previous next

But the keen and bitter sword is near the breast and drives home its blow at the bidding of Justice. [640] For truly the injustice of him who has unjustly transgressed the sovereign majesty of Zeus lies on the ground trampled under foot.1 [645]

1 The translation is based on the reading παρεκβάντος (Stanley); but this and all other alterations do not remove the difficulties of the original.

Creative Commons License
This work is licensed under a Creative Commons Attribution-ShareAlike 3.0 United States License.

An XML version of this text is available for download, with the additional restriction that you offer Perseus any modifications you make. Perseus provides credit for all accepted changes, storing new additions in a versioning system.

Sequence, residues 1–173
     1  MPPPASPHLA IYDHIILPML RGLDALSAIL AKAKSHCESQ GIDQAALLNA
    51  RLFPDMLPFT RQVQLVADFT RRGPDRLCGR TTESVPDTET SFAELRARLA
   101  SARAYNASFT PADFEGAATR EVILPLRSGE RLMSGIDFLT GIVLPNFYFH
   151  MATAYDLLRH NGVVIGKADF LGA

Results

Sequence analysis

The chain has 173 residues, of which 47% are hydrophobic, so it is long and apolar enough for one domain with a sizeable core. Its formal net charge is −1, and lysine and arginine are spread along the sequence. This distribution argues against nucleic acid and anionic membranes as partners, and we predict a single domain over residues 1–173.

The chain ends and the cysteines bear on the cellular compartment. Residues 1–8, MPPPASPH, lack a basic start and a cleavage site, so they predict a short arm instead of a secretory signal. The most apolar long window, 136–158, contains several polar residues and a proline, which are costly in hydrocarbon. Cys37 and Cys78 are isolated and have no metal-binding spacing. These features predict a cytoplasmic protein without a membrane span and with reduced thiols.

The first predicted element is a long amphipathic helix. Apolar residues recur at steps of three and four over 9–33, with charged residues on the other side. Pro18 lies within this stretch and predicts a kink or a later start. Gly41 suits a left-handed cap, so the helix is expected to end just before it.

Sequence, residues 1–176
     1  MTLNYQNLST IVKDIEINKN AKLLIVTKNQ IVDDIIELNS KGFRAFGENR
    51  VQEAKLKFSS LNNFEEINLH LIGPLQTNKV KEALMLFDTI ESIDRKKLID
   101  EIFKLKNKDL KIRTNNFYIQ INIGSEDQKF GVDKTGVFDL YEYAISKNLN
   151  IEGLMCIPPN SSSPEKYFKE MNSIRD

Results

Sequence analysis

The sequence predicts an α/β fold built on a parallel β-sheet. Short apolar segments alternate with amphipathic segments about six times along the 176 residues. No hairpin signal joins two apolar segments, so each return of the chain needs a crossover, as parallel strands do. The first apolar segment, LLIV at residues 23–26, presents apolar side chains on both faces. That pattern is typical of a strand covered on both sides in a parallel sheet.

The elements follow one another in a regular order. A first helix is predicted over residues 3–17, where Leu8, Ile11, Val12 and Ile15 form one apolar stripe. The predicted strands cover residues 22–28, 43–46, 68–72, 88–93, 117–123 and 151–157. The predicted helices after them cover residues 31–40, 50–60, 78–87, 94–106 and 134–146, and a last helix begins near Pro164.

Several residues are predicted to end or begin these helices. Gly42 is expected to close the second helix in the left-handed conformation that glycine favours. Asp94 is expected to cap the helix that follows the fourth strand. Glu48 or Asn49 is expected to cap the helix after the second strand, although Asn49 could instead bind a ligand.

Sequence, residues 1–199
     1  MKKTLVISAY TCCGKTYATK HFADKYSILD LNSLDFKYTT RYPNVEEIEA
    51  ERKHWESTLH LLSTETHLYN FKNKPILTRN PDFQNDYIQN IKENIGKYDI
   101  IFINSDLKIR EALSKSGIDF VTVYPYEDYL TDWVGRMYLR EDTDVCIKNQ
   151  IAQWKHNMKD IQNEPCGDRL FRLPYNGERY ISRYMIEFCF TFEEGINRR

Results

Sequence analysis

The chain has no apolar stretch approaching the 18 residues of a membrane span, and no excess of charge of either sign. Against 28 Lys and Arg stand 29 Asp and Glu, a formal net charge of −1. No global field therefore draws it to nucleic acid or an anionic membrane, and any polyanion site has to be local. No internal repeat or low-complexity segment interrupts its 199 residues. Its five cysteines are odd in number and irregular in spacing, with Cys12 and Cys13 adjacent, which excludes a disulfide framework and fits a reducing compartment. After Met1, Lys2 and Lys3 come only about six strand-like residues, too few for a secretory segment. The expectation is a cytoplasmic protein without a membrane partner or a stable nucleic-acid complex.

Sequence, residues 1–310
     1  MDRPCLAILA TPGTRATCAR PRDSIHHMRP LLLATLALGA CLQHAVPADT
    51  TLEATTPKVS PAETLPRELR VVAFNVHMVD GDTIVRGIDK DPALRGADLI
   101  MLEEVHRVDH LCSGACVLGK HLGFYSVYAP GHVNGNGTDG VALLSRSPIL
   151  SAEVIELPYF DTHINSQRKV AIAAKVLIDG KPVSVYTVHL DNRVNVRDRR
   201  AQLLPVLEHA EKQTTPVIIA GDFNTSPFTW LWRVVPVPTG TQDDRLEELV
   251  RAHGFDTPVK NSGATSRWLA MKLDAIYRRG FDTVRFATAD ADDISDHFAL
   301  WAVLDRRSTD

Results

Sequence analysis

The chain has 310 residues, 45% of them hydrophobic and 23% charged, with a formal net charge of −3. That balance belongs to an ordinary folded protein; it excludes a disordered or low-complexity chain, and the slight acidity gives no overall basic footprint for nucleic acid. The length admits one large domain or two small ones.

load focus Greek (Herbert Weir Smyth, Ph.D., 1926)
hide Places (automatically extracted)

View a map of the most frequently mentioned places in this document.

Download Pleiades ancient places geospacial dataset for this text.

hide References (3 total)
  • Commentary references to this page (1):
    • Sir Richard C. Jebb, Commentary on Sophocles: Antigone, 1307
  • Cross-references to this page (1):
  • Cross-references in general dictionaries to this page (1):
hide Display Preferences
Greek Display:
Arabic Display:
View by Default:
Browse Bar: